JPA can behave very differently depending on the exact circumstances under which it is used. Code that works in our local environment or in staging performs very poorly (or even flat out fails) when thrown against real-scale databases in production environments.

Debugging these JPA issues in production is pretty difficult - existing APMs don’t provide enough granular insights at the code level, and tracking every single place someone queried entities one by one instead of in bulk can be a grueling, time-consuming task.

Lightrun is a new approach to debugging in production. Using Lightrun’s Logs and Snapshots, you can now get debugger-level granularity in production without opening inbound ports, redeploying, restarting, or even stropping the running application.

In addition, instrumenting Lightrun Metrics at runtime allows you to track down persistence issues securely and in real-time. Want to see it in action? Check out our 2-minute tutorial for debugging JPA performance issues in production using Lightrun:

>> Debugging Spring Persistence and JPA Issues Using Lightrun

1. Overview

In this quick tutorial, we'll discuss enabling transaction locks in Spring Data JPA for custom query methods and predefined repository CRUD methods.

We will also have a look at different lock types and setting transaction lock timeouts.

2. Lock Types

JPA has two main lock types defined, which are Pessimistic Locking and Optimistic Locking.

2.1. Pessimistic Locking

When we are using Pessimistic Locking in a transaction and access an entity, it will be locked immediately. The transaction releases the lock either by committing or rolling back the transaction.

2.2. Optimistic Locking

In Optimistic Locking, the transaction doesn't lock the entity immediately. Instead, the transaction commonly saves the entity's state with a version number assigned to it.

When we try to update the entity's state in a different transaction, the transaction compares the saved version number with the existing version number during an update.

At this point, if the version number differs, it means that the entity can't be modified. If there is an active transaction then that transaction will be rolled back and the underlying JPA implementation will throw an OptimisticLockException.

Apart from the version number approach, we can use other approaches such as timestamps, hash value computation, or serialized checksum, depending on which approach is the most suitable for our current development context.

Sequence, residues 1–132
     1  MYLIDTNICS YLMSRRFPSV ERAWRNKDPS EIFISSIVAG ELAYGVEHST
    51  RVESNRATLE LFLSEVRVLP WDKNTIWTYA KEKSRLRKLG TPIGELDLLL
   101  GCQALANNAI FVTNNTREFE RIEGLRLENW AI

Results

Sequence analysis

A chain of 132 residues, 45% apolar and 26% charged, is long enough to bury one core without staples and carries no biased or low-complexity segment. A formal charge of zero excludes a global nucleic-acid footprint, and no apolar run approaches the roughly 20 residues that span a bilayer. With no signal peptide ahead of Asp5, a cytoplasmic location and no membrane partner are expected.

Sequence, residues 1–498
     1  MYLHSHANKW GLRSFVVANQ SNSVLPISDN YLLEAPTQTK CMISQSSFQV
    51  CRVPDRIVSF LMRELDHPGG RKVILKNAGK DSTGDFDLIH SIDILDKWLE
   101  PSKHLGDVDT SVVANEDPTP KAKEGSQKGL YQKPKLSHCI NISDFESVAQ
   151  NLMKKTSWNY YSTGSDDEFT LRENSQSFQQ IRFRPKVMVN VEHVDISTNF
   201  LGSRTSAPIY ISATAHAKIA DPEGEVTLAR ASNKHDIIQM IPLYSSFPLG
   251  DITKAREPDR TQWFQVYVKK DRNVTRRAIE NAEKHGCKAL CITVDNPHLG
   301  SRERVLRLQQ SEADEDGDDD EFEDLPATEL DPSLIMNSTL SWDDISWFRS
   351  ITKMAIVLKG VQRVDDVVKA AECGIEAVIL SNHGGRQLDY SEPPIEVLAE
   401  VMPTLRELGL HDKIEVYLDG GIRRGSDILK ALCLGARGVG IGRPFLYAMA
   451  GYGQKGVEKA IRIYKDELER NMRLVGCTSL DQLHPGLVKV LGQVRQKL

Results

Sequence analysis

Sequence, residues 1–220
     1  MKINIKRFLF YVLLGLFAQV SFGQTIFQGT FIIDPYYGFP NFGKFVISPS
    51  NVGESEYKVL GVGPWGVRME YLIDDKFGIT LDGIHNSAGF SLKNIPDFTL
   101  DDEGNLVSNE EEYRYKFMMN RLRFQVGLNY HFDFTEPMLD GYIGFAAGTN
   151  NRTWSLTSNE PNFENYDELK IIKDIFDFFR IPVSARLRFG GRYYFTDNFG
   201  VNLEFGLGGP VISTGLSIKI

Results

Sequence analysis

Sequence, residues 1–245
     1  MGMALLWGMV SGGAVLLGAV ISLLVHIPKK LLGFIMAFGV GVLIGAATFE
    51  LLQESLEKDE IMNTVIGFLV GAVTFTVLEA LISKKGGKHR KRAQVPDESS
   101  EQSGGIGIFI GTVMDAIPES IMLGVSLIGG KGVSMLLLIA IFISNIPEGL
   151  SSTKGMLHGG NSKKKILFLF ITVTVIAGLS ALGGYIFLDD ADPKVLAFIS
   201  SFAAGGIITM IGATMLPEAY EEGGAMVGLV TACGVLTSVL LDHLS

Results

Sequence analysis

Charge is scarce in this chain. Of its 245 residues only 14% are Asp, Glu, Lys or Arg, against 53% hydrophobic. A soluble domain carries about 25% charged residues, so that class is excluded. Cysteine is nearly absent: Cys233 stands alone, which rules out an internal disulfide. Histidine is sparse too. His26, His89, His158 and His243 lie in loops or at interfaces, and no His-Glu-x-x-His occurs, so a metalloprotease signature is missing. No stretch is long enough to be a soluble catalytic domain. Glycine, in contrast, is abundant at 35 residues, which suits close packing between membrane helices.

3. Enabling Transaction Locks on Query Methods

To acquire a lock on an entity, we can annotate the target query method with a Lock annotation by passing the required lock mode type.

Lock mode types are enum values to be specified while locking an entity. The specified lock mode is then propagated to the database to apply the corresponding lock on the entity object.

To specify a lock on a custom query method of a Spring Data JPA repository, we can annotate the method with @Lock and specify the required lock mode type:

@Lock(LockModeType.OPTIMISTIC_FORCE_INCREMENT)
@Query("SELECT c FROM Customer c WHERE c.orgId = ?1")
public List<Customer> fetchCustomersByOrgId(Long orgId);

To enforce the lock on predefined repository methods such as findAll or findById(id), we have to declare the method within the repository and annotate the method with the Lock annotation:

@Lock(LockModeType.PESSIMISTIC_READ)
public Optional<Customer> findById(Long customerId);

When the lock is explicitly enabled and there is no active transaction, the underlying JPA implementation will throw a TransactionRequiredException.

In case the lock cannot be granted and the locking conflict doesn't result in a transaction rollback, JPA throws a LockTimeoutException. But it doesn't mark the active transaction for rollback.

4. Setting Transaction Lock Timeouts

When using Pessimistic Locking, the database will try to lock the entity immediately. The underlying JPA implementation throws a LockTimeoutException when the lock cannot be obtained immediately. To avoid such exceptions, we can specify the lock timeout value.

In Spring Data JPA, the lock timeout can be specified using the QueryHints annotation by placing a QueryHint on query methods:

@Lock(LockModeType.PESSIMISTIC_READ)
@QueryHints({@QueryHint(name = "javax.persistence.lock.timeout", value = "3000")})
public Optional<Customer> findById(Long customerId);

Further details on setting the lock timeout hint at different scopes can be found in this ObjectDB article.

5. Conclusion

In this tutorial, we've learned the different types of transaction lock modes. We've learned how to enable transaction locks in Spring Data JPA. We've also covered setting lock timeouts.

Applying the right transaction locks at the right places can help to maintain data integrity in high-volume concurrent usage applications.

When the transaction needs to adhere to ACID rules strictly, we should use Pessimistic Locking. Optimistic Locking should be applied when we need to allow multiple concurrent reads and when eventual consistency is acceptable within the application context.

Of course, the sample code for both Pessimistic Locking and Optimistic Locking can be found over on Github.

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